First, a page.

The Native American Rights Fund is committed to the professional development of new attorneys in the field of Indian law. Each year, NARF conducts a nationwide search for law school students to participate in clerkships and internships in all three of its offices—Boulder, CO, Washington, DC, and Anchorage, AK.
Download the 2020 Summer Clerkship information.
The NARF summer clerkship program is a ten- to twelve-week program for students who have completed their second year of law school. Clerks are expected to work at least 40 hours per week during this period and are compensated with salaries comparable to those of the federal government and other non-profit firms. Although public interest funding programs help provide these salaries, clerks are also encouraged to seek additional financial support through their law school’s public interest programs or through other public interest scholarships.
School Year Clerkships/Internships
NARF’s school year programs are open to students in their second year of law school. The school year programs are semester-long programs where students may work either for financial compensation or for school credit. The paid positions are part-time positions (20 hours per week) and the positions for school credit (internships) are either full or part time positions. Both types of positions are available for students at schools located near one of NARF’s three offices — Boulder, CO, Washington, DC, and Anchorage, AK.
NARF invites law students beginning their third year, recent law school graduates, and those with judicial clerkships to apply for sponsorship for a post-graduate fellowship. Learn more at our Post-Graduate Fellowship page.
How To Apply
NARF’s clerkships are highly competitive. Clerks are selected on the basis of their overall applications. Due to the nature of NARF’s practice, experience in Indian law or a background in Indian affairs is highly desirable.
Applicants must submit the following materials to:
Attn. Kevin Cheng
Native American Rights Fund
Boulder, Colorado 80302
- Cover Letter Addressed to Kevin Cheng (please specify the NARF office in which you would prefer to work)
- Legal Writing Sample (the sample must be your own, rather than a collaborative effort)
- Law School Transcripts. Official transcript preferred but unofficial transcripts will be accepted.
- One (1) Letter of Recommendation
- References (3)
Incomplete applications will not be considered. For an application to be considered complete, the cover letter, resume, legal writing sample and transcript must be received by the deadline. It is preferred that completed applications, with all letters of recommendation, be mailed in one package. However, if necessary, letters of recommendation may be mailed separately. Letters of recommendation will be accepted if received soon after the deadline. Please see the application for deadline information.
Please email with your questions.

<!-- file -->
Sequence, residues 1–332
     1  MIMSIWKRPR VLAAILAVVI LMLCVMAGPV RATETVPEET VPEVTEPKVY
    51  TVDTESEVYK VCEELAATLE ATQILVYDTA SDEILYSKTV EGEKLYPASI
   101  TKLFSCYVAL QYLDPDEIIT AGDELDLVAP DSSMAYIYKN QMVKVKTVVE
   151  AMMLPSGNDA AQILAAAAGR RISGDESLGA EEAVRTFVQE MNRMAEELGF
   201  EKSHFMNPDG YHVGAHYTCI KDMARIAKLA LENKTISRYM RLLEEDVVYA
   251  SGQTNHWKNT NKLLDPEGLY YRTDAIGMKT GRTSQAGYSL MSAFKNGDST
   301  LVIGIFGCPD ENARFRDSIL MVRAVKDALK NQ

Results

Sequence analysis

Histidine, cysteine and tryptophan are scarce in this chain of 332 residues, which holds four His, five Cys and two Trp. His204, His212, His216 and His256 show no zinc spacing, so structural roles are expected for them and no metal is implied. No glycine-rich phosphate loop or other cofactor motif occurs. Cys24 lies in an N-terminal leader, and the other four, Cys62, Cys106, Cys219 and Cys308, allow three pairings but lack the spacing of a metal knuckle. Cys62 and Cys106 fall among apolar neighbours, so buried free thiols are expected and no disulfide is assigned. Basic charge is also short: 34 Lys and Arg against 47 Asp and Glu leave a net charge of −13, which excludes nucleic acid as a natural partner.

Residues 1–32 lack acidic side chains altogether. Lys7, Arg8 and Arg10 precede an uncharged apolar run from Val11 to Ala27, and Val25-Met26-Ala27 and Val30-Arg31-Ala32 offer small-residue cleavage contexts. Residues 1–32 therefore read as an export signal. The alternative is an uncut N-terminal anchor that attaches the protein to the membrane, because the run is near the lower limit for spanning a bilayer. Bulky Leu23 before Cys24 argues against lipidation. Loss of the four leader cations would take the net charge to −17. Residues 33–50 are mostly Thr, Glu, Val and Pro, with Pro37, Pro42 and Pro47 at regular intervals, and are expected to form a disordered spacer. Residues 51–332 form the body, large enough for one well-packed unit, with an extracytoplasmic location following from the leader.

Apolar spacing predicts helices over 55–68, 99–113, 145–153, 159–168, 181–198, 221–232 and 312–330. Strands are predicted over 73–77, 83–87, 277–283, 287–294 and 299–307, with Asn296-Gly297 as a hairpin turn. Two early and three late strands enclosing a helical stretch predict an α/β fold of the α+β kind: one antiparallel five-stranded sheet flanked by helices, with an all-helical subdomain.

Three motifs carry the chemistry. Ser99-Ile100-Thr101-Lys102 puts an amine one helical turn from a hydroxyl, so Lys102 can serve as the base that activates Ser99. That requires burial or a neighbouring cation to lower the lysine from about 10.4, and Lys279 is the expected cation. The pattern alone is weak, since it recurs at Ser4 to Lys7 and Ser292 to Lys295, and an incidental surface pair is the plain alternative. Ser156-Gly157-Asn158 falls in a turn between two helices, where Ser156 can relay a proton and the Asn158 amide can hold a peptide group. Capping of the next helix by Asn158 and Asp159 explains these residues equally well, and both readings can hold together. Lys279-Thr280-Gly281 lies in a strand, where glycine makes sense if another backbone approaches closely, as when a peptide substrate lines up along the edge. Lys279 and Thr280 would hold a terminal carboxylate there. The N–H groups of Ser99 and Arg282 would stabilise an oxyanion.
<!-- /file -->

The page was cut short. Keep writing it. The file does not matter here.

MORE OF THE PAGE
Clerkship and Fellowship Sponsors
Contact the NARF Development Department, 303-447-8760 or email@example.com , to learn more about sponsorship opportunities.
About the Clerkships
The Selection Process
Due to budget constraints, NARF is unable to interview applicants in person. Although all applications are received in the main office, each office (Boulder, DC and Alaska) selects its own clerk(s). Final selections and notifications for summer clerkships will be made by December 15th. School year clerkships are made on a rolling basis. However, it is highly desirable to have a clerkship arranged in the spring for the fall semester and in the fall for a spring semester.
Law clerk projects consist mainly of legal research and writing. Because NARF practices before federal, state, and tribal forums, and because most of its cases—whether at the administrative, trial, or appellate level—are complex and involve novel legal issues, the projects are extremely challenging. Strong efforts are made to involve clerks in various aspects of NARF’s practice, including attorney and client meetings. To ensure feedback, attorneys are asked to provide written reviews of all clerk projects, as well as ongoing informal assessments. Law clerks also are required to review NARF’s clerkship program, providing us with valuable information on how we can improve.
Clerks at NARF have access to some of the best legal resources in the country. Each NARF office has a library complete with relevant treaties, federal law materials, and Westlaw facilities. Also, the National Indian Law Library, a special project of NARF in Boulder, provides research support and training on resources related to Indian issues.
Each NARF office is located in a major metropolitan area in a distinctly attractive physical environment. This combination provides a variety of social, cultural, and intellectual activities. Special barbeques and educational attorney luncheons are held for the law clerks.